If the struts are the same scantlings we can safely say that they can only take the same load in tension or compression. It seems to me that the bottom strut can only be in tension whereas the top one may be in compression. Going into compression will totally alter the design criteria for the strut and will make it much much bulkier although maybe not that much heavier. So I think the struts are designed this way for ease of manufacture or over designed BOTH for compression. (Compression is usually the earliest failure mode)

    I still don't get why the upper strut has to be designed for the sailing compression load if it gets bolted. Don't worry about explaining, I will wait for some more drawings and see if I can follow it through. If you could make a model in thick cardboard (use fine pattern grid paper glued on) or even thing plywood you could see if you can close up the beam ends and strut ends so that the shear load is dealt with by a close fit and some interesting shapes.

    I have an idea that may be useful. Imagine a protuding nose (a bolt or pin) on the bottom of the folding beam. As it finally folds into the stub end the nose fits right into a corresponding socket. The nose then takes the tension of the lower flange and if husky enough take some shear load the the join. This will be very easy to build if you make the nose out of tapered alloy and the socket out of reinforced epoxy (again coat the nose in wax and squish together). If the boat is not going to be folded often I would jump in the dinghy and put a nut on the nose - picture a bolt with a tapered plug on its shank. Really the nose should be a wider wedge with a bolt inside (wedge would entail lower stress at the join)

    I can draw it if you like.

    cheers

    Phil
     
  7. bruceb
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    bruceb Senior Member

    Folding needs

    While I have the 33 on my local lake, I don't expect to fold it very often since I have a wide enough slip. However, I do plan on trips to the coast with it, and then folding easily becomes a much higher priority. On most of the US eastern seaboard, dock space is at a premium, and wide boats are not very welcome, (at least ones that don't have big fuel hungry engines) so folding to dock opens up many more practical marina options. As the S-32 system is designed, I think folding should be less than 5 minutes a side, (remove 4 bolts from the top and slack the outer stay), and I consider the ease of folding one of my most important goals. Remember, I am just copying a system that already works.
    Since the upper inner pivot and arm becomes an extension of the beam when bolted, I don't see why there is a need for a "socket/pad" that just duplicates the upper pivot's load path. The inner end of the beam can't be any longer either as its folded height becomes excessive.
    I am not trying to re-engineer the S-32 system, as it appears to work fine, but to determine the loading and changes necessary to fit it on the B-33, and then design and build the hull "brackets/pivots" that adapt the system to the B-33 existing structure.
    Of course, as with most things on a boat, nothing is ever very simple:(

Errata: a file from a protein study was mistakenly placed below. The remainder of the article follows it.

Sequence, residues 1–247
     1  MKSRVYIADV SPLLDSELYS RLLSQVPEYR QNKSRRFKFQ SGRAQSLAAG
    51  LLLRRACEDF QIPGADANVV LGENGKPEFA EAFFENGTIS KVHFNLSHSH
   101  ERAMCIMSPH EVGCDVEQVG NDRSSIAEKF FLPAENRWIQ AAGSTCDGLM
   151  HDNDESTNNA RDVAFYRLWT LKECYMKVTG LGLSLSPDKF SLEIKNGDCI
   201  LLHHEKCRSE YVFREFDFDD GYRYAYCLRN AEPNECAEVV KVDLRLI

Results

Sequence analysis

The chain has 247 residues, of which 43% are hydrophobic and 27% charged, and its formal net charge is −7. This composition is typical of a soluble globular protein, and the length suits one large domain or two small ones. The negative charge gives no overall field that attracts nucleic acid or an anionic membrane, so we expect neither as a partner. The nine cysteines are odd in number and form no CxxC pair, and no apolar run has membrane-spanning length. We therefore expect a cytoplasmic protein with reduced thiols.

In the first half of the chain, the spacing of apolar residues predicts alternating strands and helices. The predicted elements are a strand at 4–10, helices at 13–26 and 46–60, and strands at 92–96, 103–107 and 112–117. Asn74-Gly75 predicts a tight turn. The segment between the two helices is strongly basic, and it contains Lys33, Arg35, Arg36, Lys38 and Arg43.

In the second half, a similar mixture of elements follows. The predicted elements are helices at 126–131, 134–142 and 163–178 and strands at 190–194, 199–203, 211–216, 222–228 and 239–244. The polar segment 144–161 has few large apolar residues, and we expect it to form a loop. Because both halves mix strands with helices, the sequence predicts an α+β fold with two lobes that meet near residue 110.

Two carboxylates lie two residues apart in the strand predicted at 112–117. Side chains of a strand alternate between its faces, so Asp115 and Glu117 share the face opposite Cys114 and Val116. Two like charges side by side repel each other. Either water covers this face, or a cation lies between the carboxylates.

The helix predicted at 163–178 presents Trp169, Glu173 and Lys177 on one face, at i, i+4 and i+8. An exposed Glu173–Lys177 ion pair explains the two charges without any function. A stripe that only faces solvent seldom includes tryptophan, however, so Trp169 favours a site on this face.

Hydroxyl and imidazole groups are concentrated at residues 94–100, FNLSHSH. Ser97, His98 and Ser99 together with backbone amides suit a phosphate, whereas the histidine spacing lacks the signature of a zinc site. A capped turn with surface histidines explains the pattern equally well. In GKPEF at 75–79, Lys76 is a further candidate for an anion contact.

B
     
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  8. bruceb
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    bruceb Senior Member

    new numbers- and pics!

    There was a dimension mistake on the lower arm:mad: I will try not to do that again. I am only using inches, I realize the rest of the world is ahead of the US, but my smaller local machine shops only think inches and feet, and all materials around here are SAE, so hopefully this will save some errors.
    I have removed almost all slop in the prototype joints, so this is fairly accurate geometry. However, I have found that the system will still work with errors as much as a 1/4 of an inch. It is somewhat forgiving.
    My float mounting system will allow several inches vertical and horizontal alinement during final assembly, so final beam position is not too critical either. I realize any load calculations are based on a "snapshot" of guesstimated loads, but the lower pivot seems to be the most important from a construction standpoint.
    The blue tape in the pictures represents the waterline. Completely folded, the beam will be less than 12', important for transport. At just under 14', the float decks (and hatches) will be clear, and should be fine for docking and motoring. My pictures also show mid fold and extended. The float profile is at the forward beam, the maximum draft is more aft, so some of the float will remain in the water. (the same as designed)
    If it ever stops raining, I will mount this on the boat for a final test.
    I hope this works, I am ready to start building;)
    Bruce
     

    Attached Files:

  9. hump101
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    hump101 Senior Member

    I've plotted this into CAD, and there are small inconsistencies of between 6.5mm and 8mm, so not critical from an analysis point of view. With this arrangement the brackets can toggle in the fully folded position. You need to decide how far you want it to toggle as this will dictate the required bow in the upper arm (though you could modify the connection detail and avoid any bowing, which would be better in a compressive member).